Mad-cow disease found in Alberta; cattlemen’s group lauds surveillance system

Discovery of mad-cow disease in Alberta should not harm the country’s export of beef

By Cam Fortems

Kamloops This Week

Discovery of mad-cow disease in Alberta should not harm the country’s export of beef, according to an industry representative.

Canada Food Inspection Agency (CFIA) confirmed on Friday, Feb. 13, that a case of bovine spongiform encephalopathy (BSE) was discovered in a single animal at an undisclosed farm in Alberta.

The CFIA said no part of the animal entered the food chain.

“As part of the investigation, the CFIA is seeking to confirm the age of the animal, its history and how it became infected,” the agency said.

“The investigation will focus in on the feed supplied to this animal during the first year of its life. The agency will also trace out all animals of equivalent risk. Equivalent risk animals will be ordered destroyed and tested for BSE.”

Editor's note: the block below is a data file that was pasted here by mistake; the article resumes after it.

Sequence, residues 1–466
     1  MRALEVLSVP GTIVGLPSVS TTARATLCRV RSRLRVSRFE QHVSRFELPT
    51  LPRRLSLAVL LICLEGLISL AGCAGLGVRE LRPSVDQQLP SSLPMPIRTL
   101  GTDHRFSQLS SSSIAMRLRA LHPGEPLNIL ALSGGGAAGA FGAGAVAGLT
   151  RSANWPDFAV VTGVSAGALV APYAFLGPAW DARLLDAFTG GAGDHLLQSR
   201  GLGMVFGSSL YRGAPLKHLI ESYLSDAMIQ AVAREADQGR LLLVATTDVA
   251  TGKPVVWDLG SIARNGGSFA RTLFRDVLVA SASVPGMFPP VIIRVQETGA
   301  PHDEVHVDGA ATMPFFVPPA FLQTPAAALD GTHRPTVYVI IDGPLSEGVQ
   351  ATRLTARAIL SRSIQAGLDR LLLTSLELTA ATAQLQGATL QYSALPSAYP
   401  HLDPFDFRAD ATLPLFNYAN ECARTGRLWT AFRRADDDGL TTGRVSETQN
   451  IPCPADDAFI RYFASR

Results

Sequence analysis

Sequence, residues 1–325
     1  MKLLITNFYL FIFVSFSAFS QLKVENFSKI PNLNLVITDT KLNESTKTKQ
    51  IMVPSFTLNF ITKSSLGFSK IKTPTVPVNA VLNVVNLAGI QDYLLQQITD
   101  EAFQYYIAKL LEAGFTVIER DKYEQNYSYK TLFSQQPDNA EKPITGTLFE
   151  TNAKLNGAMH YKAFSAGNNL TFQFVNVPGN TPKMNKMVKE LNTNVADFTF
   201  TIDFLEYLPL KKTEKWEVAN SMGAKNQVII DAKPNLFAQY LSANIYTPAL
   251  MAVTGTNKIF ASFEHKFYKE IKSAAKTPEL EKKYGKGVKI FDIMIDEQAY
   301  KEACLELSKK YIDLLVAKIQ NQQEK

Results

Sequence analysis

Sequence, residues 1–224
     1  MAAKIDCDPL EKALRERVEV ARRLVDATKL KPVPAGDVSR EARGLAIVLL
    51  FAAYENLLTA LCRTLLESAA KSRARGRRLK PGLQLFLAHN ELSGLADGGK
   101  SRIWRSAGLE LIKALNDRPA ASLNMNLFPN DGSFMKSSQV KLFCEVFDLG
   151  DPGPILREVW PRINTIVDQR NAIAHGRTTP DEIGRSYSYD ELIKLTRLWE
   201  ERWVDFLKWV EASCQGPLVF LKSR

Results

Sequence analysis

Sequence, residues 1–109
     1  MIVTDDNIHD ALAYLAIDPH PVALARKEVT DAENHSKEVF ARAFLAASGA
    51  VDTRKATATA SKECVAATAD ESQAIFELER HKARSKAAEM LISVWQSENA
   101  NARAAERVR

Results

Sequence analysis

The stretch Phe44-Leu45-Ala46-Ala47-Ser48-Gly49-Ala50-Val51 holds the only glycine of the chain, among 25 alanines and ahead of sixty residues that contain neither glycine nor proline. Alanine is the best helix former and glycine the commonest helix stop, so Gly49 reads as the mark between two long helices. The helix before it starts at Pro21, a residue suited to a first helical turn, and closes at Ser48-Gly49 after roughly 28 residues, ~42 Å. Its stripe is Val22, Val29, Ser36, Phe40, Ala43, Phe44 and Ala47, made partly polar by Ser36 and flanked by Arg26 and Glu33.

It is the first time since 2011 that BSE has been detected in a Canadian cattle herd.

“It shows us the surveillance system is working,” said Kevin Boon, general manager of Kamloops-based B.C. Cattlemen’s Association. “We were looking.”

Canada’s ranching industry was hard hit in 2003 with the discovery of BSE in beef herds. Since then, feeding practices have been reformed and Canada’s tracing and inspection systems have been improved.

Boon said discovery of the single animal this month shows countries importing Canadian beef that the system is vigilant and can find pathogens before they enter the food chain.

B.C. ranchers are benefiting from record-high cattle prices and a plunging Canadian dollar.